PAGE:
Last week I had the great opportunity to observe a couple of local instructors give lessons to adults and juniors. The teaching academy is based at a public course and the teaching bays are in the middle of the open public bays. As I was observing the lessons I began noticing a pattern to people’s practice/warm-up  tendencies.

– Most of the golfers I observed did not stretch or warm up in any way
– Most of the golfers started hitting balls with long irons or drivers first
– From my observations, most of the golfers did not have a specific target in mind
– Not one golfer alternated from a driver to a medium iron to short iron or any combination of clubs
– The driving range was  80% full for the 3 hours I was there and the putting green was never more than 25% full at anytime in that 3 hour period.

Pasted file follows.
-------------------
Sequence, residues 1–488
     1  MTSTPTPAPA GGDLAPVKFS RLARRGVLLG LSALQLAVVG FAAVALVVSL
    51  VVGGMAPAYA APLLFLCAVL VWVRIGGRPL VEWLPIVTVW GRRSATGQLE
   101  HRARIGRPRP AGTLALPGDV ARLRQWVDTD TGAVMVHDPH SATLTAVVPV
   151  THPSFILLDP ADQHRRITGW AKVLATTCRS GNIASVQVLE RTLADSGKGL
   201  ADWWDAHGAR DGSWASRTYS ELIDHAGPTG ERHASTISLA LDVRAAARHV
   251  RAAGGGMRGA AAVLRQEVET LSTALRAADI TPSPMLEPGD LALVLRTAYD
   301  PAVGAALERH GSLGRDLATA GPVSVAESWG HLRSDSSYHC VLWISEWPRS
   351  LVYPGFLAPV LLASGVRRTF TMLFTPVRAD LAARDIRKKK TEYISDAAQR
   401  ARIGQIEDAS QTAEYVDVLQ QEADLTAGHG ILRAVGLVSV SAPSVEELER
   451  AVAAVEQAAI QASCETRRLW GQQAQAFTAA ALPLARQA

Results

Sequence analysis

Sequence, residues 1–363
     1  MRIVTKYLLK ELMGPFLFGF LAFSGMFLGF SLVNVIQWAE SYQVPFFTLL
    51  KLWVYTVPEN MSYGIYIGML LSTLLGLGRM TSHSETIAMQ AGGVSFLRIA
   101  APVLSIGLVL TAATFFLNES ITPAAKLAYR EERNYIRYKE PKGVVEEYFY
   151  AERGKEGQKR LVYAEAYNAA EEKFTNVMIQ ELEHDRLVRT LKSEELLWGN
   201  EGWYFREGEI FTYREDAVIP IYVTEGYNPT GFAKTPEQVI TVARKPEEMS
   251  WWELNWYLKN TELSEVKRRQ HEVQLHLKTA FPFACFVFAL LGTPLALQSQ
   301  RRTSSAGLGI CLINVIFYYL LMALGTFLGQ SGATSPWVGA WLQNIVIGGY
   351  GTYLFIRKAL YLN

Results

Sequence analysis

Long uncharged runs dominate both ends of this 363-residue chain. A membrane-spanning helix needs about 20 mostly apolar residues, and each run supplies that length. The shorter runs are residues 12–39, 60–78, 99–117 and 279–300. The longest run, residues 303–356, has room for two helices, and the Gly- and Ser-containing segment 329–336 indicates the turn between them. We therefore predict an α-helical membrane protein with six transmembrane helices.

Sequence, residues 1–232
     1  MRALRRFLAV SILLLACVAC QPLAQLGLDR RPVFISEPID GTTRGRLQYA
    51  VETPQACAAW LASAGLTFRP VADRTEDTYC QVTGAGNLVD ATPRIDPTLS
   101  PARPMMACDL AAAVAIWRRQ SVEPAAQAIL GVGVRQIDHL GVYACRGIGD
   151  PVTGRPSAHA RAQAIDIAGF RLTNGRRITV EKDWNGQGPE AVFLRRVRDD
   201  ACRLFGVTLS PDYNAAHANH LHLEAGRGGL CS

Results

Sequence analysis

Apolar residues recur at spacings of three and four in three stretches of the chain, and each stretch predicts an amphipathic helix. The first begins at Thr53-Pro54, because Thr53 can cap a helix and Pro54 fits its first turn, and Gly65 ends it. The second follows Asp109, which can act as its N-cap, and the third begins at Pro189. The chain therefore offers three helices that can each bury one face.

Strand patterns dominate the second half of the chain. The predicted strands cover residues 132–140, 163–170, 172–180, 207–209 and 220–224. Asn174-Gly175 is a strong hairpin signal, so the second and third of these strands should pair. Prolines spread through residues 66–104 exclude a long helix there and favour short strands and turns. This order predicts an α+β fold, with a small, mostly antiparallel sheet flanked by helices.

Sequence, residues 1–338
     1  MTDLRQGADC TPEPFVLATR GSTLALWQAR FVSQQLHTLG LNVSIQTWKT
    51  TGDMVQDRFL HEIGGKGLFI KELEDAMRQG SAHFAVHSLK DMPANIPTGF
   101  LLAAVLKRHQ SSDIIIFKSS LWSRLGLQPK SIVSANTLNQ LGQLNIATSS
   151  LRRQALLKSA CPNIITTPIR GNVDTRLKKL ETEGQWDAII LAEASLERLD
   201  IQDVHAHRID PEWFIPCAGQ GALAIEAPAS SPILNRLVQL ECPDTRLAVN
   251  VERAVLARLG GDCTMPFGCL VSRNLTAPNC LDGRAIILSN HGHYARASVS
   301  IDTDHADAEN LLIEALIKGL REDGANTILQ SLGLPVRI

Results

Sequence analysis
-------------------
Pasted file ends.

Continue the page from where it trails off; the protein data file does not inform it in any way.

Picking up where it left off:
Is the information above ground breaking? No, of course not. However, it does serve as a fresh reminder to encourage all golfers to re-evaluate their practice habits prior to playing a round. Now let’s discuss the difference between swing  practice and playing mode practice.

Swing Practice:
Swing technique practice should be specific and not something that should be worked on prior to playing a round of golf. Many of you might be in the middle of swing changes and excited to unleash them on the course, however, the more you can separate your swing practice and playing mode practice, the more prepared you will be when playing the course and the quicker swing changes will be groved. The less golfers concentrate on swing movements while playing golf, the more time and energy they can spend on picking out specific targets and course managment stratagies.

Playing Mode Practice: